December 2017

  • December 11, 2017
    Guest Post

    by Andrew Wright, Associate Professor, Savannah Law School

    Michael Flynn is cooperating with Special Counsel Robert Mueller’s investigation. The plea agreement requires that Flynn “shall cooperate fully, truthfully, completely, and forthrightly with this Office and other Federal, state, and local law enforcement authorities identified by this Office.” Flynn’s statement of the offense ominously announces that “[t]hese facts do not constitute all of the facts known to the parties concerning the charged offense.” There is some debate about whether this agreement signals that Flynn has significant incriminating information about senior-most White House advisors, or President Trump himself. Only Flynn, Mueller, and the others whom Flynn might implicate on matters related to the investigation are in a position to know the quality of his cooperation.

    But what if President Trump started using his pardon power to end the Russia investigation? What would be the effect, if any, if President Trump pardoned Flynn now? What about pardons of others that might be implicated by Flynn in his cooperation? Pardons raise a number of important questions after Flynn’s plea.

  • December 8, 2017
    Guest Post

    by Steven Kalar, Federal Public Defender Northern District of California

    *This piece was originally posted by the Ninth Circuit Blog.

    I’m invoking author’s privilege to pay tribute to Judge Harry Pregerson, for whom I clerked. He passed away last week.

    At the memorial service on Friday eloquent speakers struggled with their tasks before a huge (and teary) crowd. Think of that that trope of blind men describing their parts of an elephant – it was a life far too big to take in with any one grab. I’ll therefore mull one small corner of the Pregerson pachyderm: Harry the Judge.

  • December 8, 2017
    Guest Post

    by Douglas NeJaime, Professor of Law, Yale Law School and Reva Siegel, Nicholas deB. Katzenbach Professor of Law, Yale Law School

    *This piece was originally published on Take Care Blog.

    Masterpiece Cakeshop v. Colorado Civil Rights Commission is framed narrowly—as a case about whether making a wedding cake is expressive conduct or whether religious individuals should be exempted from laws protecting same-sex couples. But this narrow view of the case misses its real stakes. The Alliance Defending Freedom (ADF, formerly Alliance Defense Fund), which represents Masterpiece Cakeshop, is driving the litigation and many similar cases around the country. ADF is not interested in a narrow resolution to a narrow question; rather, ADF is taking aim at the very legitimacy of LGBT people and legal protections for them.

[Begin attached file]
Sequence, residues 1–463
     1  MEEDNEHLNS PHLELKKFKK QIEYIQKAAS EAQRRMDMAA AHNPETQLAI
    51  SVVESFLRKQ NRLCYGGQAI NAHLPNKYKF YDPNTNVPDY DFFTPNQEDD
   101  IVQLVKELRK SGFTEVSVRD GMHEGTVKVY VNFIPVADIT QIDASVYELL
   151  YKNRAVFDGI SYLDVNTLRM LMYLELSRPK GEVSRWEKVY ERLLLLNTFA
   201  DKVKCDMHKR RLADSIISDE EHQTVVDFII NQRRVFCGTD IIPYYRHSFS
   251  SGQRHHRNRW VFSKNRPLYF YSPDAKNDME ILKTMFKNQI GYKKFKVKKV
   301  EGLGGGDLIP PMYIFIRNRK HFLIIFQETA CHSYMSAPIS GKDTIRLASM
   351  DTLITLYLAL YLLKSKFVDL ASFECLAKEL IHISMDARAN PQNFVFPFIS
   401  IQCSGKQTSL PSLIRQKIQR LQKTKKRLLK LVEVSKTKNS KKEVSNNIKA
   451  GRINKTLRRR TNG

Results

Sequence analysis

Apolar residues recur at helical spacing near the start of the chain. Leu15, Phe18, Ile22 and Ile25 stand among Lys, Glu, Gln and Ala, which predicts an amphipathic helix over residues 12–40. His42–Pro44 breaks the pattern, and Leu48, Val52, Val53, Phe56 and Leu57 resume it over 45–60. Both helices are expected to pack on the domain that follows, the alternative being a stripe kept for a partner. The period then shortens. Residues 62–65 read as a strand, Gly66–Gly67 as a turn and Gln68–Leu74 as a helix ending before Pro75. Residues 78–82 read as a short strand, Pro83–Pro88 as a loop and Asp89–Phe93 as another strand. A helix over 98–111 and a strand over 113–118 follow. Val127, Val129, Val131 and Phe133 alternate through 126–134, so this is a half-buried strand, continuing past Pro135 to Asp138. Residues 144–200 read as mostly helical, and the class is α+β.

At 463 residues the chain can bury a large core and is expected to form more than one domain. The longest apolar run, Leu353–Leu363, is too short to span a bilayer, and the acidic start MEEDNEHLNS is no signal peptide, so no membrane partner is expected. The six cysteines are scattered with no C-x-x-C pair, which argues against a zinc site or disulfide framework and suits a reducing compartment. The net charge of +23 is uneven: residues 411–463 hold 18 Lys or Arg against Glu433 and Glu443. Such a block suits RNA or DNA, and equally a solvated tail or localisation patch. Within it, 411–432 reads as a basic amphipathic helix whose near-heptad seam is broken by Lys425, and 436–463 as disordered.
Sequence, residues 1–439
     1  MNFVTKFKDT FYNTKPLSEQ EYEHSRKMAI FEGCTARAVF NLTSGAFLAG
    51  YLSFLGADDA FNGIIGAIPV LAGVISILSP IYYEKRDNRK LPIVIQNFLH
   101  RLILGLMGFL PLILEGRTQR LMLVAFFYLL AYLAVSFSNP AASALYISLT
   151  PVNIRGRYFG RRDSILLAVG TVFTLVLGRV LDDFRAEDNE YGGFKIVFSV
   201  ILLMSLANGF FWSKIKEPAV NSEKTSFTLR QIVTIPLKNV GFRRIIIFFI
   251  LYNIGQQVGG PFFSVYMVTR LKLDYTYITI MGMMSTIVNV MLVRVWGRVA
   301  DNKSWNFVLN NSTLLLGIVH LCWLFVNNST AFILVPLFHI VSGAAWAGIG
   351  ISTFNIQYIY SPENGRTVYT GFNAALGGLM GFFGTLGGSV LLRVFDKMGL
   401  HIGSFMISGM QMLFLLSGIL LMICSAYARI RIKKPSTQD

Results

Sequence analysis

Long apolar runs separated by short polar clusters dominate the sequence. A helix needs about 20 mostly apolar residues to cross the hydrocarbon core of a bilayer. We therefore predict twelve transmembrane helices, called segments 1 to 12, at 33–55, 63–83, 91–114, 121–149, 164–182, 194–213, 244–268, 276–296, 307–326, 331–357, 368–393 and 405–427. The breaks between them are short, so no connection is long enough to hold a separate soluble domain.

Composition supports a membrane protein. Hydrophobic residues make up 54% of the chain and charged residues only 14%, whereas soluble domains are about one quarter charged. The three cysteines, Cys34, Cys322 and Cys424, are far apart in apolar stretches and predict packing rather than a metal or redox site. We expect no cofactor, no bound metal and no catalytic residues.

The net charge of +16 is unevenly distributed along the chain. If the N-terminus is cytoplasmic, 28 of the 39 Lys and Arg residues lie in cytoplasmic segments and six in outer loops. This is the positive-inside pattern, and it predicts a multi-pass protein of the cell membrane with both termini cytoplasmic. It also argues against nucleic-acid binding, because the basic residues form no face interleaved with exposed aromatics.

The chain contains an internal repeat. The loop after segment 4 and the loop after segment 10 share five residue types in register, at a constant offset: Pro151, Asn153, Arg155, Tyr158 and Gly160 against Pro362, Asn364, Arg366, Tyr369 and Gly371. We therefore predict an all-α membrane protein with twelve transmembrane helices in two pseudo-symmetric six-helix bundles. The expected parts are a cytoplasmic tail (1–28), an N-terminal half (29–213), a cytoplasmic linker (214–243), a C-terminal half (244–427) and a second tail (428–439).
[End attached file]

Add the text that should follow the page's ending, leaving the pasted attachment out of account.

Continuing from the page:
• December 7, 2017
    Guest Post

    by Senator Patrick Leahy (D-Vt.)

    As the longest-serving member of the United States Senate and a former chairman of the Senate Judiciary Committee, I feel obligated to speak up about the steady erosion of the Judiciary Committee’s norms and traditions. I am deeply troubled that Chairman Chuck Grassley (R-Iowa) has decided to reverse his blue slip policy.  

    The “blue slip” is a century-old Senate tradition that allows senators the courtesy of approving a nominee to the federal bench in their home state. There will surely be an ongoing discussion about the history of the blue slip tradition over the years.  Not all chairmen have adhered to the tradition in the same way. But one thing is beyond dispute: Casting aside blue slips based on how the partisan winds blow will damage the integrity of the Judiciary Committee’s judicial confirmation process.

    When I was chairman of the Judiciary Committee, under both the Bush and Obama administrations, not a single judicial nominee received a hearing without first receiving both home state senators’ positive blue slips.  Regardless of who was in the Oval Office, I defended blue slips because I firmly believe in their constitutional importance—to give meaning to the constitutional requirement of “advice and consent.” 

  • December 6, 2017
    Guest Post

    by Steven D. Schwinn, Professor of Law, the John Marshall Law School

    *Read the full Supreme Court Review here.

    We are thrilled to bring you this inaugural edition of the American Constitution Society Supreme Court Term Review. In these pages, you’ll find a series of outstanding critical essays, penned by the nation’s top legal scholars and practitioners, on the most important cases and themes from the Supreme Court’s October 2016 Term. You’ll also find a splendid Foreword, written by Dean Erwin Chemerinsky, that puts these cases and themes in the broader context of key happenings and trends at the Court.

    In the many panels and reviews of the Court’s October 2016 Term, we sometimes heard that the Term was unremarkable, with no Big Blockbuster cases, no significant changes in the law, and no notable impacts on major political issues—at least as compared to so many other recent Terms. Many said that this was the direct result of an eight-member, equally divided Bench for most of the Term. That is: the Court was reluctant to take on major controversial cases without a full staffing.